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Today's Stichomancy for Kim Kardashian

The first excerpt represents the past or something you must release, and is drawn from The Yates Pride by Mary E. Wilkins Freeman:

Lancaster house. Her husband and grandson were the man and boy at work in the grounds. The three sisters took care of themselves and their house with the elegant ease and lack of fluster of gentlewomen born and bred. Miss Amelia, bringing in the tea-tray, was an unclassed being, neither maid nor mistress, but outranking either. She had tied on a white apron. She bore the silver tray with an ease which bespoke either nerve or muscle in her lace-draped arms.

She poured the tea, holding the silver pot high and letting the amber fluid trickle slowly, and the pearls and diamonds on her thin hands shone dully. Sophia passed little china plates and

The second excerpt represents the present or the deciding factor of the moment, and is drawn from The Talisman by Walter Scott:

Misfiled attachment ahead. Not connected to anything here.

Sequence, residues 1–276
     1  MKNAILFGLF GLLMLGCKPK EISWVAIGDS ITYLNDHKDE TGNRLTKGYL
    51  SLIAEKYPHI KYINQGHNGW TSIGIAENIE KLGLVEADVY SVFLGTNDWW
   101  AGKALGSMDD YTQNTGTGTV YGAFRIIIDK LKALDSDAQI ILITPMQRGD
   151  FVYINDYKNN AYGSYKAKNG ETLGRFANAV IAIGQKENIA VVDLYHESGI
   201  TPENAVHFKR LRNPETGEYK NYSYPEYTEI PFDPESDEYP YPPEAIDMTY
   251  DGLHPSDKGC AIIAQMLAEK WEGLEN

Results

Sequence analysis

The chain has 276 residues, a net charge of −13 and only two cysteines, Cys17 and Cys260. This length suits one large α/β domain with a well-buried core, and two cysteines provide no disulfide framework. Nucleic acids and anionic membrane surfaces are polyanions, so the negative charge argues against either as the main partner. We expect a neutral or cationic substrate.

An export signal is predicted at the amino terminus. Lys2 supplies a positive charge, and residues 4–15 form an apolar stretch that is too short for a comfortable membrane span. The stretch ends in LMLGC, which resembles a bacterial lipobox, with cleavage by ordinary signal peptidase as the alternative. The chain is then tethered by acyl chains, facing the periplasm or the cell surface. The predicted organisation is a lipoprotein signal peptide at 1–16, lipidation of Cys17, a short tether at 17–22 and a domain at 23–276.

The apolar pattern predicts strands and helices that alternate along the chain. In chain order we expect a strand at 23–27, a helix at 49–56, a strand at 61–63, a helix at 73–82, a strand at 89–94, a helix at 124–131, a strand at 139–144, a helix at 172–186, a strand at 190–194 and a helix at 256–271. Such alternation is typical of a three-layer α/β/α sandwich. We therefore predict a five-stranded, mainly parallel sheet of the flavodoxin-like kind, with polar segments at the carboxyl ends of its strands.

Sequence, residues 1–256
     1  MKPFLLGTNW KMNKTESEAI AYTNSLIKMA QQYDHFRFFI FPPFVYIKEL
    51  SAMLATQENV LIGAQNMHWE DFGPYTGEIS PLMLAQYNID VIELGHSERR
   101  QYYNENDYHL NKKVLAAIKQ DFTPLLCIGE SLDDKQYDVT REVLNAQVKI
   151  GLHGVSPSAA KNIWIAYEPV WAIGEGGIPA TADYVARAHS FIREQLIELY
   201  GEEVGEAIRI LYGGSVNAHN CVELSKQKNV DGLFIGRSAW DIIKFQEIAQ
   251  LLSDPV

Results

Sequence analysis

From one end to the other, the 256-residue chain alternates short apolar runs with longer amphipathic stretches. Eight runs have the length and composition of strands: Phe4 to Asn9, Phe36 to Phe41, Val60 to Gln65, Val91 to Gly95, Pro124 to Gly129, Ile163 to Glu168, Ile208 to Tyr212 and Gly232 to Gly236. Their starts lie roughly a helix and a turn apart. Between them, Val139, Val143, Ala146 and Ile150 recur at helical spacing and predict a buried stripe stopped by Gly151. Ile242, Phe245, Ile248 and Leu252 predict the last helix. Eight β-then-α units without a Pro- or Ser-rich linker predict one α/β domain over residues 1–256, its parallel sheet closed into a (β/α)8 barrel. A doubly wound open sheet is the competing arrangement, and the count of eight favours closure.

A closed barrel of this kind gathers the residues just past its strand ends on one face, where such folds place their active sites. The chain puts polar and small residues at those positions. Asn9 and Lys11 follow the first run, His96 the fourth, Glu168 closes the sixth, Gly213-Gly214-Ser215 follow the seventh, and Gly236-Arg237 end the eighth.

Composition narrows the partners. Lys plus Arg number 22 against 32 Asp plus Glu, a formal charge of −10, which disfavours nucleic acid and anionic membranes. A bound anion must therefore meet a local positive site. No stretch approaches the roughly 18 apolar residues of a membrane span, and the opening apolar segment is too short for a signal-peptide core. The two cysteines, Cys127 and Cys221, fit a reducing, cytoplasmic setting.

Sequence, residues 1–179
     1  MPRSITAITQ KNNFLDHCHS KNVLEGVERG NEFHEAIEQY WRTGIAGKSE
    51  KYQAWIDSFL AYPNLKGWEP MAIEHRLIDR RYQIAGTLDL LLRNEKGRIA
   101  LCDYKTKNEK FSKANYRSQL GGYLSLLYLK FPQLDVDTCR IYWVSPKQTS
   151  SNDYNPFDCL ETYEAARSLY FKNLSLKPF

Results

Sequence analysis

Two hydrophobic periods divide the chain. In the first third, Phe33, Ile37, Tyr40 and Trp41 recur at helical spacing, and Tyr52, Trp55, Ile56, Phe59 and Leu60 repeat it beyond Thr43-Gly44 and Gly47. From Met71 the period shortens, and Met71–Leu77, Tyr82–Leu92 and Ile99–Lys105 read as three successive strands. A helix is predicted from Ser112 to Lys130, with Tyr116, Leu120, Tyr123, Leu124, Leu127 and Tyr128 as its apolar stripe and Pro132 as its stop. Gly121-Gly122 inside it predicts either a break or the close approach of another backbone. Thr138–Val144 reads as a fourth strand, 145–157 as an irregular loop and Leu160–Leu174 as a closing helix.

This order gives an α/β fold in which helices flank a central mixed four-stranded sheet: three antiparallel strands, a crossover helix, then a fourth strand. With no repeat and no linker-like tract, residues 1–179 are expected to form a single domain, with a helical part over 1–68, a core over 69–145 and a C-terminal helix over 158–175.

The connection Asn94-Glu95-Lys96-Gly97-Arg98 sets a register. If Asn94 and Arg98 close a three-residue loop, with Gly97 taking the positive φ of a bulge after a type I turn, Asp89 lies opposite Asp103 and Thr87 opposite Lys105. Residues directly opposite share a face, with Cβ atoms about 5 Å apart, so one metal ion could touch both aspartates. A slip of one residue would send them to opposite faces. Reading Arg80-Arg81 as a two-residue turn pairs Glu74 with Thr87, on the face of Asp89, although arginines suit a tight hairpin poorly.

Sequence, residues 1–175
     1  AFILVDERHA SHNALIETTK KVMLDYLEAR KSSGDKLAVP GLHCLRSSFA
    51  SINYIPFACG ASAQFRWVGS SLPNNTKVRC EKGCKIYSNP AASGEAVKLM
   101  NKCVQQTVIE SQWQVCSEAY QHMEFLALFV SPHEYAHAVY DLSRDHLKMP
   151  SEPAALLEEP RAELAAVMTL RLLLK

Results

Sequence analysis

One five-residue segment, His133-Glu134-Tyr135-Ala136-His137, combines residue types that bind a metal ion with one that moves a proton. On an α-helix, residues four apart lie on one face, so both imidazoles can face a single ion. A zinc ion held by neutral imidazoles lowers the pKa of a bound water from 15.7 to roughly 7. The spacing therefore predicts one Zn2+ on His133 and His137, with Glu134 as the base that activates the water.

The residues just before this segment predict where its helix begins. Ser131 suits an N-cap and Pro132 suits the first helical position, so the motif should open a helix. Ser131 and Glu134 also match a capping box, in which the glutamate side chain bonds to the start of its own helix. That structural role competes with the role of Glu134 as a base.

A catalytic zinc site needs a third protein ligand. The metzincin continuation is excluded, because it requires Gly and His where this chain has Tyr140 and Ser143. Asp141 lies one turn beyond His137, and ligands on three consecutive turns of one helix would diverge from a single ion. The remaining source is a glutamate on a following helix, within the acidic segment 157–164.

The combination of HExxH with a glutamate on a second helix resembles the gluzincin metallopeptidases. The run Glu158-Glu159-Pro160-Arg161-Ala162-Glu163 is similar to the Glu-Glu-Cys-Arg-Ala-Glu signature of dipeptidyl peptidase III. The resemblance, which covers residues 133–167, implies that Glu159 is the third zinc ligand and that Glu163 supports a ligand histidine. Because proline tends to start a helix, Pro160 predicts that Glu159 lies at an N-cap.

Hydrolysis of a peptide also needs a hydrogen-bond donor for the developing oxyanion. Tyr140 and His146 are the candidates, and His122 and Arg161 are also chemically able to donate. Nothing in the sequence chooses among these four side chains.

has left his blood and settled in his brain."

Imperfectly heard, and still more imperfectly comprehended, by the startled attendant whom De Vaux addressed thus hastily, the equerry and his fellow-servants of the royal chamber rushed hastily into the tents of the neighbouring nobility, and quickly spread an alarm, as general as the cause seemed vague, through the whole British forces. The English soldiers, waked in alarm from that noonday rest which the heat of the climate had taught them to enjoy as a luxury, hastily asked each other the cause of the tumult, and without waiting an answer, supplied by the force of their own fancy the want of information. Some said the

The third excerpt represents the future or something you must embrace, and is drawn from A Daughter of Eve by Honore de Balzac:

house, grave and sedate, and without anxieties. On the top of an excellent Viennese piano he sat majestically, and cast upon the countess, as she entered, that coldly gracious look which a woman, surprised by the beauty of another woman, might have given. He did not move, and merely waved the two silver threads of his right whisker as he turned his golden eyes on Schmucke.

The piano, decrepit on its legs, though made of good wood painted black and gilded, was dirty, defaced, and scratched; and its keys, worn like the teeth of old horses, were yellowed with the fuliginous colors of the pipe. On the desk, a little heap of ashes showed that the night before Schmucke had bestrode the old instrument to some